The Epiphone Caballero was a small body flat top acoustic, made at Gibson's Kalamazoo plant alongside its Gibson-equivalent model, the LG-0. Both guitars had the same price, construction and specifications: a 14 1/4" wide x 19" long body, with a depth of 4 1/2". Mahogany top back and sides with satin finish. One piece mahogany neck, rosewood fingerboard with dot position markers and 20 frets. Other than the satin finish and mahogany top, this guitar is identical to the FT-45 Epiphone Cortez. Interestingly, this satin finish was replaced with a standard high gloss-finish between 1963 and 1965 (according to Epiphone price lists), reverting back to a satin finish for 1966. This was a great little guitar, and Epiphone's best-selling acoustic in this era - but whilst the Epiphone Caballero managed a shipping total of 10217 in the period 1959-1969, almost five times as many Gibson LG-0s left the Kalamazoo plant in the same period (actually 52229).
1964 Epiphone Caballero Image Heritage auctions
The Epiphone Caballero was described as follows in the 1961 Epiphone catalog
The best selling Kalamazoo-produced Epiphone acoustic guitar. A total of 10217 Epiphone Caballeros were shipped from the Kalamazoo plant in 10 years of production, with 1965 being the peak year. The break down of shipping statistics by year are as follows.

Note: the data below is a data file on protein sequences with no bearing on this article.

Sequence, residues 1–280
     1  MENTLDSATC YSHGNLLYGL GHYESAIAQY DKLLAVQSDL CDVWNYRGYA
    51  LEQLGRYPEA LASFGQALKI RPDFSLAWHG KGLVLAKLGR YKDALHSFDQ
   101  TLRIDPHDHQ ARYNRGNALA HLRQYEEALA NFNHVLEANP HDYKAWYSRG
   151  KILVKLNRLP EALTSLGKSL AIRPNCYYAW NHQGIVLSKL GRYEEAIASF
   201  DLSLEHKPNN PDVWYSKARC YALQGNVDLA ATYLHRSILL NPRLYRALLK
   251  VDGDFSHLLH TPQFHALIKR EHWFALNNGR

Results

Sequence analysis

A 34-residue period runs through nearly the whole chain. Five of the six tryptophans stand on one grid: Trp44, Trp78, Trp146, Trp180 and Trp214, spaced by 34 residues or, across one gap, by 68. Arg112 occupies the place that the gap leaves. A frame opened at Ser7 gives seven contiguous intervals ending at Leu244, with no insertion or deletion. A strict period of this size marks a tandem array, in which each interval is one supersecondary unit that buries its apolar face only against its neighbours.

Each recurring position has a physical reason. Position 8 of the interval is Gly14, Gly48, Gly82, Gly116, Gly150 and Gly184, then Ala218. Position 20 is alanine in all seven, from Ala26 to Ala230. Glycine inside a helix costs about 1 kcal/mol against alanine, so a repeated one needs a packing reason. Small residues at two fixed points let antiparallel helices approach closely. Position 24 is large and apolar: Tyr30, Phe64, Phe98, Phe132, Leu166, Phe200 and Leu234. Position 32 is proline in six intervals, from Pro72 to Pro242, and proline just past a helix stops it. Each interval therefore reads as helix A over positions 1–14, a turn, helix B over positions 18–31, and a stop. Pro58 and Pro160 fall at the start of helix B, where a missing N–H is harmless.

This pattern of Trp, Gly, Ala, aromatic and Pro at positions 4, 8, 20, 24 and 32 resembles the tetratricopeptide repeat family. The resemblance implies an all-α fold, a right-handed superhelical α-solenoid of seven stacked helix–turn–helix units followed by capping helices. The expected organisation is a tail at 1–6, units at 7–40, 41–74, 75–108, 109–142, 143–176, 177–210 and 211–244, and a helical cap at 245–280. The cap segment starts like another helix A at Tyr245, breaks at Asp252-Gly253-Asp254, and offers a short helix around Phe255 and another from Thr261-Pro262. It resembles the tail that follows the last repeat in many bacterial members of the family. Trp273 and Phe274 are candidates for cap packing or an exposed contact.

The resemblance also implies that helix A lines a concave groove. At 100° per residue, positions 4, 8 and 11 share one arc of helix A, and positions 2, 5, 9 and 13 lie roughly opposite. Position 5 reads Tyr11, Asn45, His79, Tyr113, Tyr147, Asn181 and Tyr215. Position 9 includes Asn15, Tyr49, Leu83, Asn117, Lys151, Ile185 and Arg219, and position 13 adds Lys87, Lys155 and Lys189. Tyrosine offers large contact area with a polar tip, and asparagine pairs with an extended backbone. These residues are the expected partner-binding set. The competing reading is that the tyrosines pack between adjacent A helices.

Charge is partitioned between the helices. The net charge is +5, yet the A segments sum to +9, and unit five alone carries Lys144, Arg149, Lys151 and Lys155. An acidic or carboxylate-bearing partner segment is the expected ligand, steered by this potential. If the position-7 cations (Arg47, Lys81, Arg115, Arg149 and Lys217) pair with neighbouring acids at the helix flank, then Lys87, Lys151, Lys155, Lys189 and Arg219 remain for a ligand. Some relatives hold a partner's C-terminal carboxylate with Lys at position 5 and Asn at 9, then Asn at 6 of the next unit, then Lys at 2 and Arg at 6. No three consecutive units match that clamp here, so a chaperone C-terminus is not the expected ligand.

A very similar four string Epiphone Caballero tenor guitar was available between 1963 and 1968, otherwise identical in terms of specifications and pricing. Shipping figures are as follows:
|FT28 Caballero tenor||46||89||52||48||14||1||250|
From late 1970, a Japanese Epiphone flat top, the FT-130 was given the designation Caballero, though this was an entirely different guitar to the FT-30, with bolt-on neck, spruce top and slightly wider (15 1/4") body. For some reason, the name Caballero appears on soundhole labels, but tends not to be used in Epiphone literature, which sticks to FT-130. These are acceptable guitars, but nowhere near as nice as the 1960s Kalamazoo-built FT-30. Chalk and cheese!